When Procrastinating Can Pay Off

Does it always feel like you've got a million things to do at once? Take a step back--sometimes procrastinating pays off.
Magazine Contributor
3 min read

This story appears in the September 2006 issue of Entrepreneur. Subscribe »

Time doesn't play favorites. No matter how productive we are or how much we accomplish, there remain only 24 hours in a day. As entrepreneurs, we see our to-do lists quickly expanding. Whether it's responding to e-mails or making a long-delayed call to a colleague, we must choose which tasks to complete every day.

To succeed, it may be to your advantage to choose to procrastinate. This simple act can help us set priorities and give each task the attention it deserves. Putting tasks off can raise our energy and free our minds to help us see opportunities where others perceive obstacles. Follow these steps to make procrastination productive.

1. Release unnecessary guilt associated with putting off tasks. There are multiple paths to the same destination. Even when we procrastinate, we continue to learn. Our subconscious mind keeps working on possiblesolutions and reviews them silently while we deal with other tasks. If a solution to a challenge doesn't immediately present itself, it may be more productive to put it aside rather than spend valuable time vacillating over what to do next. Let your mind ponder the possibilities while you complete other work.

2. Avoid heartache by taking a moment. My first mentor once remarked he was successful because he learned time was a great mood-changer. He suggested I refrain from responding to anyone when I was upset--no matter how urgent the task. Angry thoughts usually aren't rational. If your mood won't let you accomplish a task productively, put off sending that fiery e-mail until you're calmer. Your positive attitude also encourages people to work with you on future challenges.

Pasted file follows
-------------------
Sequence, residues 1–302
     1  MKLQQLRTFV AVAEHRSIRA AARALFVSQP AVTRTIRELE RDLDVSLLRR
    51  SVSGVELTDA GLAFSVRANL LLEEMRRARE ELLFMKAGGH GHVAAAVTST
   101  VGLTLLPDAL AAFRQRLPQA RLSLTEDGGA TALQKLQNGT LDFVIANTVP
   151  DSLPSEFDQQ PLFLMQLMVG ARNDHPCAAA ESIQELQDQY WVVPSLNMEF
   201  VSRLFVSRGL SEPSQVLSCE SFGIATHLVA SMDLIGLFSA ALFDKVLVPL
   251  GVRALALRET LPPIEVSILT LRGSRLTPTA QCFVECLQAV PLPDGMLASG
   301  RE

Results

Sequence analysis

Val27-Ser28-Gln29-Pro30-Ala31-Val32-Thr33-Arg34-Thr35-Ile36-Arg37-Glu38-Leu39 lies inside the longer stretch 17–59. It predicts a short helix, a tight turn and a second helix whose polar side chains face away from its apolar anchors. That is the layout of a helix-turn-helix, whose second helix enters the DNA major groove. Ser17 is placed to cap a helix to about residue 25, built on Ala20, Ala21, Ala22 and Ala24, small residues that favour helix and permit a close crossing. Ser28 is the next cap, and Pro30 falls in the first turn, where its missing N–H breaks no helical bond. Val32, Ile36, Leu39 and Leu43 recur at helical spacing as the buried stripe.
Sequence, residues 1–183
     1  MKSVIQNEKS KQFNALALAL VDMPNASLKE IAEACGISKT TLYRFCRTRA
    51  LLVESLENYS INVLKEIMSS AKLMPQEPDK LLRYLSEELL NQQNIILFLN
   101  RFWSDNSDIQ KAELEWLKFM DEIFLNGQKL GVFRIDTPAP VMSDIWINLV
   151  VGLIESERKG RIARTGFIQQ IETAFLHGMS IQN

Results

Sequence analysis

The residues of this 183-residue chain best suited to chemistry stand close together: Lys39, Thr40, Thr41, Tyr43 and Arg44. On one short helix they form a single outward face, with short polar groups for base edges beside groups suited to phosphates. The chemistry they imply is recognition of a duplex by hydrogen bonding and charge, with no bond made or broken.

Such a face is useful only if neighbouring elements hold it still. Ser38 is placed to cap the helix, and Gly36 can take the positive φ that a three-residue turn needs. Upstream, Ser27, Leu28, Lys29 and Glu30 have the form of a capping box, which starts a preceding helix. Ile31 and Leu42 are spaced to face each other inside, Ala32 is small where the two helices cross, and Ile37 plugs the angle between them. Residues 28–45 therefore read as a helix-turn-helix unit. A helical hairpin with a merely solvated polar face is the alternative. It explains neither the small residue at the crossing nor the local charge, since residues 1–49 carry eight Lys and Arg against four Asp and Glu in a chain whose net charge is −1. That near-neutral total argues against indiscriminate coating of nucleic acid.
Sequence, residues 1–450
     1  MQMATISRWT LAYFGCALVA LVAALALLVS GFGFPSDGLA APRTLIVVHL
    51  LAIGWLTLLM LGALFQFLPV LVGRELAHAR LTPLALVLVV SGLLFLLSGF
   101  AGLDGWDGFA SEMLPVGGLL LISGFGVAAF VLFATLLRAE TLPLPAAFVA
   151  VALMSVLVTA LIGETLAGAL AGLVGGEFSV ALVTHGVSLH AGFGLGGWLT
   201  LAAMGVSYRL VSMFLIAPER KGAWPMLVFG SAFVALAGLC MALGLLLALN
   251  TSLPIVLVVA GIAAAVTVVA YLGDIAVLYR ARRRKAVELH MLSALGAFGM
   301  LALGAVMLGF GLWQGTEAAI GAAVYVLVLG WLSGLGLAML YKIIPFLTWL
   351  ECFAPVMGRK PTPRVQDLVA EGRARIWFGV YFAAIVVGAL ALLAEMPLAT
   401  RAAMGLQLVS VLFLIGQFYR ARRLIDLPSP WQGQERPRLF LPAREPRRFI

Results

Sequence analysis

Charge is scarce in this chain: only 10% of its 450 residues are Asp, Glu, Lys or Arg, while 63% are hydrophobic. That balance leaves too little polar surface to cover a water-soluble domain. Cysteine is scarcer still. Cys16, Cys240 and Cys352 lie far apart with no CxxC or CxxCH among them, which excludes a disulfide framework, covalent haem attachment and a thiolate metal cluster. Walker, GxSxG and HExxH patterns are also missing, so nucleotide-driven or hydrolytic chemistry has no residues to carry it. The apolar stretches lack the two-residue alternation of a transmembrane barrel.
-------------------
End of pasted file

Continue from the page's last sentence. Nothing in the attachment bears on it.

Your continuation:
3. Allow others to provide answers for you. Some of the actions we take just to move forward can actually slow our progress toward our goals. Purposely take yourself out of routine decision making. If you're habitually copied on e-mails to members of your team, consider putting off your replies. Other people may be able to resolve issues or answer questions without your input. The time that's freed up allows you to get a lot more done.

4. State why you're procrastinating. We often hesitate because we don't know our next best action. If you get sidetracked while completing a task, learn from the experience. Don't waste more time by making excuses. Acknowledge what happened, and write down the reasons behind your distraction. Then discover a method to overcome the challenge by spending time investigating solutions. The next time a similar distraction occurs, you'll better understand how to resolve it quickly.

5. Practice procrastination. Unleash new strategies andmarketing opportunities by setting specific times to do nothing but imagine. Taking this time allows you to consider unusual actions you can take and focus on the results you want to achieve. And it's a wonderful occasion to hone your intuition. This free time helps you identify your next best step and emboldens you to take it.

Don't think of procrastinating as something that's bad for your startup. Your goal is continually evolving, and your priorities are constantly changing. The world is your playground--explore, discover and succeed on your terms.

Speaker and consultant Romanus Wolter, aka "The Kick Start Guy," is author of Kick Start Your Dream Business.


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